Le Neuf Cafe
Le Neuf Cafe is a serene little cafe and patisserie in a busy area of downtown Toronto.
Though I generally like to think I'm quite familiar with the city's downtown core, I have to admit I've never noticed Clarence Square. But just west of the SoHo Metropolitan Hotel is a roundabout road with a charming row of towns, which, granted, is probably old news for those who live and work in the area.
But for the only-occasional King and Spadina visitor such as myself, Clarence Square is a secret (?) downtown stretch that offer a break from the congestion and, now, a little Parisian-inspired style.
Le Neuf Cafe just opened in the ninth townhome spot, offering French baked goods and pastries, coffee, tea, and come springtime, a patio. "Lovely" is pretty much the only word to describe the scene, which includes hanging teardrop light fixtures, gorgeous arched molding, and a mix-and-match of old victorian armchairs, custom created tables, and raised communal seating for a great window view.
Most often you'll find Fouzia directing traffic behind the bar (usually in French) equipped with knowledge from her years operating a bar back in Paris. After getting married and moving to Toronto about four years ago, Fouzia made it her mission to bring a little bit of Paris with her to the downtown Toronto scene.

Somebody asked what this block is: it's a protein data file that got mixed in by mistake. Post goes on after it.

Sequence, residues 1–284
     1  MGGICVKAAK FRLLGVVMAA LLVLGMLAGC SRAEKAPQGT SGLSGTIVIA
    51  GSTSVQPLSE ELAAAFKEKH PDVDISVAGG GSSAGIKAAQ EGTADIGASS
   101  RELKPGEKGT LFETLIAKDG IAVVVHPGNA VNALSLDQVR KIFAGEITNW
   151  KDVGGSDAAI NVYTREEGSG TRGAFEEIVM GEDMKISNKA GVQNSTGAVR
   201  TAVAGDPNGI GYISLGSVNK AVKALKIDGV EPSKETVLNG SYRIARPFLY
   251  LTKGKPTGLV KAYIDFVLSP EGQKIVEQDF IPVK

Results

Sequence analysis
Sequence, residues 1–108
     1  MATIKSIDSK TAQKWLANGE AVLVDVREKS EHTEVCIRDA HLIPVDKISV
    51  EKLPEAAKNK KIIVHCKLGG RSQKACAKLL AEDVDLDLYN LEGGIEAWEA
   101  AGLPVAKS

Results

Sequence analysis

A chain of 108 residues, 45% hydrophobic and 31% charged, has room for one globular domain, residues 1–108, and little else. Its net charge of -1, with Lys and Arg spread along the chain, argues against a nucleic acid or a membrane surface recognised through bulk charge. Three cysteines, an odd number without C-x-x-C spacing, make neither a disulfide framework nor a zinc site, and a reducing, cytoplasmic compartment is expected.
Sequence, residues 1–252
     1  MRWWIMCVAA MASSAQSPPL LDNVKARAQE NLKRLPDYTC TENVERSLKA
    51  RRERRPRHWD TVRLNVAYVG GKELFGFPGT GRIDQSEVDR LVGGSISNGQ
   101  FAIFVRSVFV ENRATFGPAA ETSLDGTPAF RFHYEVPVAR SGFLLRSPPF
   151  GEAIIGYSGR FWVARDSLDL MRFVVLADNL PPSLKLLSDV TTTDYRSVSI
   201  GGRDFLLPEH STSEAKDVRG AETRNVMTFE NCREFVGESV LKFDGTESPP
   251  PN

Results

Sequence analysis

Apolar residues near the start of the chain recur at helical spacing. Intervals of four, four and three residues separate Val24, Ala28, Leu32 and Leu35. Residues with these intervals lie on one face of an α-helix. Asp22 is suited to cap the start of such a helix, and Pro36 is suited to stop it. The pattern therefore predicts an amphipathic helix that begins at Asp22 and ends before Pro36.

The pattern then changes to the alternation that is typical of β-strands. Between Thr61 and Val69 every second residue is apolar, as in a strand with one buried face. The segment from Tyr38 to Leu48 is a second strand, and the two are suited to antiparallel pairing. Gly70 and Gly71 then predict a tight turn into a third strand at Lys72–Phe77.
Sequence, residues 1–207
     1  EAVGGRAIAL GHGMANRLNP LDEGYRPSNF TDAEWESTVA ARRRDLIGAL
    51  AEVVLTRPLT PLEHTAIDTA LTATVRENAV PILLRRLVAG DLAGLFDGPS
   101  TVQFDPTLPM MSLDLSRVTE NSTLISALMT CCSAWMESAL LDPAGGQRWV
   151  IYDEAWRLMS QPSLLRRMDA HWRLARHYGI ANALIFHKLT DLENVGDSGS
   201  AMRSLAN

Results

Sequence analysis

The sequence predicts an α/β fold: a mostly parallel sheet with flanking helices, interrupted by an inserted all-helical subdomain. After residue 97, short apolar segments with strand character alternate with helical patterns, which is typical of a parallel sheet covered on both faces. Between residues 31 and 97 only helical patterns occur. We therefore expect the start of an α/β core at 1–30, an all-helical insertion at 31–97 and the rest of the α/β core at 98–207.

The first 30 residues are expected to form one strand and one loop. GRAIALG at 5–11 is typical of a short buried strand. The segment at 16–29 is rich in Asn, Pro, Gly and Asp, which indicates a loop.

"For me, a lot of this has been about atmosphere," she says. "I really wanted Le Neuf to feel like Paris."
She also wanted its offerings to taste like Paris, of course, so she's hired a baker from France to make the pain au chocolat, tartelettes, quiche, crepes, macarons and more. Le Neuf also offers a daily selection of soups, sandwiches, and salads, with brunches of galettes, crepes, and omelettes on the roster every weekend.
While I'll concede that I never actually have been to Paris (yet), the atmosphere does seem decidedly different from the typical King West hustle and bustle. Granted, I'm sure the Francophone chatter over the cafe au lait ($3.25) in the corner probably has something to do with it, but I think it's the relative quietness that really prevails. Le Neuf has a couple of actual doors — not hinged glass — plus steps and a patio separating it from the sidewalk, and even then, Clarence Square doesn't come with the streetcar rattle and incessant honking of a block or two north. The effect is a pleasant one and definitely a downtown change — perfect for escaping with a cappuccino ($3.00) and Le Neuf's signature pain au chocolate ($2.75).
Speaking of, I can't help but indulge. The pain au chocolat is divine in terms of buttery flavours and soft texture, but could use a little bit more in the realm of "chocolat." For chocolate fiends such as myself the tartelette is, perhaps, the better option, but with tied curtains, lots of sweets, and relative quiet most of all, it really seems hard to go wrong with an afternoon at Le Neuf.
Photos by Morris Lum